Evening Standard

Riding high: Geraint Thomas says he has learnt so much from riding in this year's Tour de France. Image courtesy of Evening Standard

Cadel Evans made history yesterday by becoming the first Australian to win the Tour de France but Britain’s 2012 medal hopefuls are confident that the London Olympics will provide a different story.

Minutes after Advance Australia Fair had rung out over the Place de la Concorde, I asked Geraint Thomas whether he was worried that he might have to hear a lot more of that national anthem next summer.

Cardiff-born Thomas, 25, who won gold as part of the team pursuit in Beijing, smiled and said: “The Australians can say what they want about the British, morale-wise we are in great spirits. Everyone forgets that me and Bradley [Wiggins] have stepped away for quite a while. We’re pretty confident that, when we come back in and give it 100 per cent, it will be different.”

And that difference, Thomas is certain, will be demonstrated in the London Olympics. “The preparation for 2012 is going well,” he added. “London means a lot to me. That’s where we want to give it a good bash and do well. The track is probably my best chance of winning a gold medal. The British public will get behind the Games.”

But, unlike Victoria Pendleton, he does not believe home pressure will prove too big a burden.

“I will not feel it,” he insisted. “It’s the same as being anywhere else, just another bike race for me. I don’t think about it too much. I just get on with the job, do the training and get in the best shape I can be. I am sure if we do everything right, that will be enough.”

Thomas has signed a three-year deal to remain with Team Sky – whose main sponsor is IG Markets – until the end of 2014. The Tour might have been different for his team if a crash near Chateauroux in the seventh stage had not seen team leader Bradley Wiggins break his left collarbone and withdraw.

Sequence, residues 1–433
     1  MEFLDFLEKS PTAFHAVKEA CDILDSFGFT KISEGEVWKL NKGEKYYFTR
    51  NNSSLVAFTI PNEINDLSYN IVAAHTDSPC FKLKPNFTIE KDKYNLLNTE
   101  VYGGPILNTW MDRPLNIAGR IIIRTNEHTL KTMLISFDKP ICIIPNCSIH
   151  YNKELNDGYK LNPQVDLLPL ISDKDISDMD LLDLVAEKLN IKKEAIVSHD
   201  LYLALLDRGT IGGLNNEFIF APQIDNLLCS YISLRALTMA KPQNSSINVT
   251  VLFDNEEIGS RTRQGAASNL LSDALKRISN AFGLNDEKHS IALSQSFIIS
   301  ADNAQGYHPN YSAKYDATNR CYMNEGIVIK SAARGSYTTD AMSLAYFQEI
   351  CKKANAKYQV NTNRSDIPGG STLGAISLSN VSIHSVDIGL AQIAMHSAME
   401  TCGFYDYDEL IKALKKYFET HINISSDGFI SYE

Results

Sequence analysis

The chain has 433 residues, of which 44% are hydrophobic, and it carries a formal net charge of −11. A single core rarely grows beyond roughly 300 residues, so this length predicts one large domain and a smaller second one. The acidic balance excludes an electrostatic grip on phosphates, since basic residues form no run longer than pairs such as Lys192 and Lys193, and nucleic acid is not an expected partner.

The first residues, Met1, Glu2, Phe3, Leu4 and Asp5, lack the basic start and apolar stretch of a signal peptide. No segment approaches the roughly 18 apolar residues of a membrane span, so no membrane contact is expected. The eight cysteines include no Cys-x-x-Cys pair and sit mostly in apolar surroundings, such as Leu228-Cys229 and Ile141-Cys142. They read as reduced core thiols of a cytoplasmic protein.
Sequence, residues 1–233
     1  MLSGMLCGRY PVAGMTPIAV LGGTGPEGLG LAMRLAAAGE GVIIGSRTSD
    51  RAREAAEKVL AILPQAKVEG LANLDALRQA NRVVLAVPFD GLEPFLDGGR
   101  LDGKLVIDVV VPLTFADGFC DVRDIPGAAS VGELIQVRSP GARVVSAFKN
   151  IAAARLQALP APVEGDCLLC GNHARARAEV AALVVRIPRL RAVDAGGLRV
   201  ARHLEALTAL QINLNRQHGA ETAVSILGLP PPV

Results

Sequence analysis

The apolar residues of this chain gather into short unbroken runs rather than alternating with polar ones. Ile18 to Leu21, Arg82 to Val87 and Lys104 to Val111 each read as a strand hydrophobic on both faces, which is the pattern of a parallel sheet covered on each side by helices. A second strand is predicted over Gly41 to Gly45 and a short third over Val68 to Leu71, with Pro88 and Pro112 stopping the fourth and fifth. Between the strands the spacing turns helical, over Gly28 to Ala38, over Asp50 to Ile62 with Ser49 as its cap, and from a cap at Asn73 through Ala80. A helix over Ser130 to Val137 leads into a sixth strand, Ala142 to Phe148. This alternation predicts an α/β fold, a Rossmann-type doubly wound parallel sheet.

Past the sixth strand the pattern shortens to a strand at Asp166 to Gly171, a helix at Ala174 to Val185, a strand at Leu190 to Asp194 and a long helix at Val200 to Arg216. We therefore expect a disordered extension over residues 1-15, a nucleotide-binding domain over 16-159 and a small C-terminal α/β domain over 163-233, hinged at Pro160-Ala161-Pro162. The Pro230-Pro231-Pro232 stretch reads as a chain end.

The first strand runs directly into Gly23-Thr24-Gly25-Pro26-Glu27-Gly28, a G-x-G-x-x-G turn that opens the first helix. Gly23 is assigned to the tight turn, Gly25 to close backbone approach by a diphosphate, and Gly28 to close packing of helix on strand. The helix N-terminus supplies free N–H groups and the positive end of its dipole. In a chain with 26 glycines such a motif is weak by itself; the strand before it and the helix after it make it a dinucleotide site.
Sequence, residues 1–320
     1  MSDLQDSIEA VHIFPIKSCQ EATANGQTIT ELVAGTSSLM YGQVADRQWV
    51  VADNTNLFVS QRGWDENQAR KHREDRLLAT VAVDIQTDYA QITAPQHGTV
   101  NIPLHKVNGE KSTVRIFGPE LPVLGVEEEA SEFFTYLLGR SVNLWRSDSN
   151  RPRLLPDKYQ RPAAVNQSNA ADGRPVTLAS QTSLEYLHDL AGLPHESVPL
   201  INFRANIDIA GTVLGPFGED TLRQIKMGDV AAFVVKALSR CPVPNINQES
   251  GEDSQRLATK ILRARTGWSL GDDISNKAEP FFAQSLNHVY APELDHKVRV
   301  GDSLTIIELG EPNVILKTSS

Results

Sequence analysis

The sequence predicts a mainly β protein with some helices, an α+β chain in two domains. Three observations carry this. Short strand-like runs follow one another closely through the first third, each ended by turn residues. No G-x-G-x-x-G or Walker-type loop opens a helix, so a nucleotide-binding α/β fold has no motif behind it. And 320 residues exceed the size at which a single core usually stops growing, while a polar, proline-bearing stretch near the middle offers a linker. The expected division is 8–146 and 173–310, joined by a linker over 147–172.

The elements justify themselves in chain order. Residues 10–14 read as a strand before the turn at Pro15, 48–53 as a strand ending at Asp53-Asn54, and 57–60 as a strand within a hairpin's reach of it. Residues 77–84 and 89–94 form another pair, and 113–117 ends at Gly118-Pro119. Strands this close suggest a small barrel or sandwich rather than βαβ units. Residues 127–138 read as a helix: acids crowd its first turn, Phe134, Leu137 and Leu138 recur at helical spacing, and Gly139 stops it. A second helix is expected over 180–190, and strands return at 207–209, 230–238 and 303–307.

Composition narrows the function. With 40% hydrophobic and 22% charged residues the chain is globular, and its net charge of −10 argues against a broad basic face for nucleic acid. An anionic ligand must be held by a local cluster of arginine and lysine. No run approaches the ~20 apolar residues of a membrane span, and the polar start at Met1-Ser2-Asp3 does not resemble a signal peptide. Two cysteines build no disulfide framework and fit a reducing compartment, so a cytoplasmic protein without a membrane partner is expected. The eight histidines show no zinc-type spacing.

Thomas had worn the white jersey as the Tour’s best young rider until he lost time waiting due to the crash. Despite this, he has come away from Paris sure that it has been a great preparation for 2012.

“In getting ready for London, this makes you stronger,” he said. “The Tour went a lot better than I thought. I have done things that I have never done before. The amount of work you put in over three weeks – the general fitness and endurance – gives you a lot of confidence.”

Thomas agrees with the general view that, in taking the coveted yellow jersey, Evans has done it through defensive riding. “Yeah, he rides to his strengths. He attacks a bit more now but he’s a clever rider. There’s no point him attacking in the mountains when he can get the points in the time trial. He has just got to limit his damage in the mountains.”

Thomas’s Team Sky colleague Ben Swift agreed with Thomas’s assessment. Swift is hopeful that this, his first experience of the Tour de France, will help him to make the British 2012 team.

“It’s been a childhood dream to race in the Tour de France, I was a bit in awe of the event in the first week. But, despite that, I really enjoyed my experience. It’s an awesome occasion, especially to make it to Paris and to the Champs Elysees and to be part of the breakaway is extra special.”

That breakaway eventually saw Mark Cavendish win Sunday’s phase and secure the green jersey. Swift, 23, who has come from the British cycling youth system that served Cavendish so well, had hopes of giving the Isle of Man rider a fight before fading. For all his recent progress, Swift cannot be certain of selection, unlike Thomas.

But he exudes a level of confidence that is part of modern British cycling. He added: “If I get into the team, I stand a good chance of making it into the medals. London 2012 will be massive.”


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